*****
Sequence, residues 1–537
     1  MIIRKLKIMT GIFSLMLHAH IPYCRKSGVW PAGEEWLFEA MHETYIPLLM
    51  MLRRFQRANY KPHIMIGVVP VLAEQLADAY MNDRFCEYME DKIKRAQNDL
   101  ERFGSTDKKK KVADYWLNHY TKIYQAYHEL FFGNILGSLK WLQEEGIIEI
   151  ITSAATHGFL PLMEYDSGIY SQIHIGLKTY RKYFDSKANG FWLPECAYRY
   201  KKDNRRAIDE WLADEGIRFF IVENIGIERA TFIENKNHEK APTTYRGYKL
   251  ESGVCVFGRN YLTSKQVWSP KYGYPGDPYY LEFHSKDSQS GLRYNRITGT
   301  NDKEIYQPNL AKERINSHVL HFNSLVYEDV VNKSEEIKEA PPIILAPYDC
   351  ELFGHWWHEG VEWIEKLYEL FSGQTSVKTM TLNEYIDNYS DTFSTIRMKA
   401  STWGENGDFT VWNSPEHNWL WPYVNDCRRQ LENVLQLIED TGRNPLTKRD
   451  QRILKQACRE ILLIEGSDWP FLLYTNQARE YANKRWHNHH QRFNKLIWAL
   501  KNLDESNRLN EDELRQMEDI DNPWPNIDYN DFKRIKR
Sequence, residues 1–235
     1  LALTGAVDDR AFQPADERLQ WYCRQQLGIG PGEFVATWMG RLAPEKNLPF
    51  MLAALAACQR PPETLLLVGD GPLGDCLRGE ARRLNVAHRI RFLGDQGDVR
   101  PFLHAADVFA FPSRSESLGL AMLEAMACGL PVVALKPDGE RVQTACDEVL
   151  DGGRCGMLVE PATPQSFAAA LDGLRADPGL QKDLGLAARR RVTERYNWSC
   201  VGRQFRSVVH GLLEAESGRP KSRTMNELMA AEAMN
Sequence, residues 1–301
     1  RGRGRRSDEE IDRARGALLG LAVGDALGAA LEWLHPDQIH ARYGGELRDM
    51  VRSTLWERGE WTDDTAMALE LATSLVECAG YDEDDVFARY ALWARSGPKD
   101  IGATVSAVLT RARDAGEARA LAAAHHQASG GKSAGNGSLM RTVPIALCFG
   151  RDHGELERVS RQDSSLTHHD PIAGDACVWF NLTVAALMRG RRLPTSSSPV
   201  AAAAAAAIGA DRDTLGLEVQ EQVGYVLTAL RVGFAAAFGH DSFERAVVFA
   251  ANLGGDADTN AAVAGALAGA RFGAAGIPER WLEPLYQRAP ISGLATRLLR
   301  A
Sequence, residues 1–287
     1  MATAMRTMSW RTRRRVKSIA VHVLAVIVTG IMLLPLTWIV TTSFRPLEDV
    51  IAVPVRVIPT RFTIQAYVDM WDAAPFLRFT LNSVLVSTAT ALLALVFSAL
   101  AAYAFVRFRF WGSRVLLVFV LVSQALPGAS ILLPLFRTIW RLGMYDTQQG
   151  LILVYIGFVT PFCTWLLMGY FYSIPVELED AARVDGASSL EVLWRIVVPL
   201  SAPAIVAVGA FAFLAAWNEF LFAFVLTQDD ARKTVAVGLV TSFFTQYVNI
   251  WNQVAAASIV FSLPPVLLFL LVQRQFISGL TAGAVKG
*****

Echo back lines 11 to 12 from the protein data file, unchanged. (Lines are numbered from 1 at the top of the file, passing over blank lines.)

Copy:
   451  QRILKQACRE ILLIEGSDWP FLLYTNQARE YANKRWHNHH QRFNKLIWAL
   501  KNLDESNRLN EDELRQMEDI DNPWPNIDYN DFKRIKR